Court Merrigan is a writer I’ve known for a good while, having served as a beta reader for him on some of his work. We connect over Facebook about firearms and all things writing, so I was thrilled to hear his western novel was picked up by Beat to a Pulp for publication. Merrigan’s novel may go down as having the most loquacious title of 2017, pulling double duty as the preface to the rest of the work:
THE BROKEN COUNTRY: Being the Scabrous Exploits of Cyrus & Galina Van, Hellbent West During the Eighth Year of the Harrows, 1876; With an Account of Mappers, Bounty Hunters, a Tatar, and the Science of Phrenology.
How can you not love that? Here’s the gist:
Set in post-apocalyptic 1876, THE BROKEN COUNTRY tracks the scabrous exploits of the outlaws Cyrus and Galina Van. The pair kidnaps a naïve, young scion and head west in pursuit of gold, glory, and respect. Along the trail they met Atlante Ames, a mapper who euthanized her own father and now seeks her twin brother, himself gone outlaw in the ravaged West. In cold pursuit rides the implacable bounty hunter Hal, who takes scalps in the name of Jesus Christ and the science of phrenology, and the contemplative Buddhist assassin Qa’un, paying off the bloodprice he owes Hal … bounty by bloody bounty. Cyrus and Galina’s hard road west comes to a head in a dynamite-tossing, six-gun-blazing shootout at the old train depot in Laramie.
And here’s his piece about the firearms he’s deemed best fit for a post-apocalyptic western novel. Enjoy!
Just for the record: That’s moss, not the carpeting in my house. (Shutterstock photo)
TLDR: Despite how it might benefit a fictional scene, it’s extremely rare for a gun to off accidentally, even when it’s dropped. It’s far more likely the “accident” is due to negligence.
Pictured: Life. (GIF via giphy)
I have great luck with my push lawnmower. It’s old, missing a few bolts and requires just the right touch to operate, but it gets the job done. If I’m lucky, it’ll start before pull number three. If it doesn’t, I know there’s a mechanical error. I might not know exactly where, but I follow a logical path to find it. Is there gas in the tank? Is the spark plug throwing a spark? Is the throttle adjusted correctly? Is there grass preventing the blade from spinning? Continue reading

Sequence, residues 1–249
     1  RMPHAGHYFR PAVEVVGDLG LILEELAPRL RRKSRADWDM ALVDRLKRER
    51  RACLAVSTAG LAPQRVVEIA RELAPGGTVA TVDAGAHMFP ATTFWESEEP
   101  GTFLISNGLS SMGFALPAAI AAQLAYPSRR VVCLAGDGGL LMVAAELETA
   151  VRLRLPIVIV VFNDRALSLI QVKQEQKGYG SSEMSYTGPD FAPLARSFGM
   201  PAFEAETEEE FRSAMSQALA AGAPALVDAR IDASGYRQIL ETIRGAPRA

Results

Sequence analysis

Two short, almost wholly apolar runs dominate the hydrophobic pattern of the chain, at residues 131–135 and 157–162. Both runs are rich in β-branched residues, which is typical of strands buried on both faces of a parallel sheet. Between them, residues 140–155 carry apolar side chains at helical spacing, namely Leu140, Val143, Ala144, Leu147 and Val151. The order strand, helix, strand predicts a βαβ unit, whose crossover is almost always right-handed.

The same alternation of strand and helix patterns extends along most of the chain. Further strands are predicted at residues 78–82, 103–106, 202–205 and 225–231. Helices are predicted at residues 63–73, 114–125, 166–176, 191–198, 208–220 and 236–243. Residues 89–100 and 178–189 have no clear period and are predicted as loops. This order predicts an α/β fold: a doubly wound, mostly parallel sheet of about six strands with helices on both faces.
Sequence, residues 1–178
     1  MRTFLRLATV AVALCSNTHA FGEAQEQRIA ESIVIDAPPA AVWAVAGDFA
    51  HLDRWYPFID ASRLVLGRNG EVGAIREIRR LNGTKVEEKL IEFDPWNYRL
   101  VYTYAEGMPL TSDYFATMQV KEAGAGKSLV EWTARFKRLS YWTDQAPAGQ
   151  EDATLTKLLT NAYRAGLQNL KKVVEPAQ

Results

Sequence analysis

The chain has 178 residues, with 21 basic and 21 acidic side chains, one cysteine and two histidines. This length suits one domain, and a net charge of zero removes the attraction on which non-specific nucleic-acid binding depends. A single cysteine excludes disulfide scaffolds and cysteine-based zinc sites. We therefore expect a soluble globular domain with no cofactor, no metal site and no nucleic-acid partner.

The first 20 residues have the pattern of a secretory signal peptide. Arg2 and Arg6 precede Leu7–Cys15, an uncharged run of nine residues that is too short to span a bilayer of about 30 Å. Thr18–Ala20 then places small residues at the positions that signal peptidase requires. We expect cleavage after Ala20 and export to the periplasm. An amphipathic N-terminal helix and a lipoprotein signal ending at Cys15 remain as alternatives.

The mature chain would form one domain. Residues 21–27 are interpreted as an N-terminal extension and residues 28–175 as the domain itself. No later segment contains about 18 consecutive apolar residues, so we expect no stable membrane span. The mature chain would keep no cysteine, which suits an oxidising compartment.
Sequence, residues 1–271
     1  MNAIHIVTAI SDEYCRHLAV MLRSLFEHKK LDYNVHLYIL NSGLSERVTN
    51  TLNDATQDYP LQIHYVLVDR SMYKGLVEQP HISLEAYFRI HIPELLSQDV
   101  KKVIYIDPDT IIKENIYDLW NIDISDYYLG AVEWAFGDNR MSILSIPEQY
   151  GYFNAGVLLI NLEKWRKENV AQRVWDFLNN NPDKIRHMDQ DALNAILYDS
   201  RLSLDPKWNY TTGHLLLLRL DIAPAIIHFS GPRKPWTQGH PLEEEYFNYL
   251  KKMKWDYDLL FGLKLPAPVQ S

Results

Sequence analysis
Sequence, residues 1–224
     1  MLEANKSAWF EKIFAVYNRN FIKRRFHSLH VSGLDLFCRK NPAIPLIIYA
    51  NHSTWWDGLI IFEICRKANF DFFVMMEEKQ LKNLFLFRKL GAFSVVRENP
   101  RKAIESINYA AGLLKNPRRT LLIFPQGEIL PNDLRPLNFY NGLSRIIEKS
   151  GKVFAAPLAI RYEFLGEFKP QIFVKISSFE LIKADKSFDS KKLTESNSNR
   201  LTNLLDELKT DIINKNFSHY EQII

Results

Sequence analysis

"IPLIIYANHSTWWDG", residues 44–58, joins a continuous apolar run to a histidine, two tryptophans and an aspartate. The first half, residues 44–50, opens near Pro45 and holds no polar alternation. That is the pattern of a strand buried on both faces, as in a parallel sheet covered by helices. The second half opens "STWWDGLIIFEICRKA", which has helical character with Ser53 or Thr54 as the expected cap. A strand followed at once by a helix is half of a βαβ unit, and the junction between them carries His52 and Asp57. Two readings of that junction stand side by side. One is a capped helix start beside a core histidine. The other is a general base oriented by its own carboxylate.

Riot? Check. Gun? Check. Does that mean there’s a riot gun in this picture? Read on to find out. (punghi/Shutterstock)
TLDR: The term “riot gun” usually refers to a shotgun or rifle featuring either a shortened barrel or less-lethal ammunition, or both.
I had a great time last year presenting a webinar for The Writer’s Store called The Secret to Writing Firearms. (Pro tip: You can download it here, but I recommend you sign up for my newsletter first to get a code for 50% off.) One of the attendees popped a question to me during the presentation that might apply to your project: What is a riot gun?
When it comes to researching firearms for a story, don’t go by looks. One of these is a genuine assault rifle, and it’s limited to military use. The other is a model any U.S. civilian with a clean record could own, and is not an assault rifle. Can you tell the difference? Leave a comment with your guesses. (Photos via Colt and Gun Digest)
One of my favorite crime writers, Benjamin Whitmer, author of my pick for the best crime novel of 2014, Cry Father, made a post on his website today that caught my eye. It mentions a bit about politics and the president, two subjects I try to avoid on this blog, but I couldn’t ignore his excellent point about the terms “assault weapons” and “assault rifles.”
How you decide to use this technology in your stories is up to you, but gun scopes that aim themselves are real and they’re on the consumer market. Not only that, but they can sync up with a pair of Android-enabled goggles looking the other way. Which means, “OK, Google, take out the sentry at the guard post, then tell Chipotle to make my burrito for pick up,” isn’t that far off in the future.
The accuracy rate still isn’t 100 percent, but it’s better than half. The manufacturer is only set up for a handful of rifles, but a little creative license should allow you to stick this tech onto whatever tank-tipper you feel like lighting up. In your stories, of course.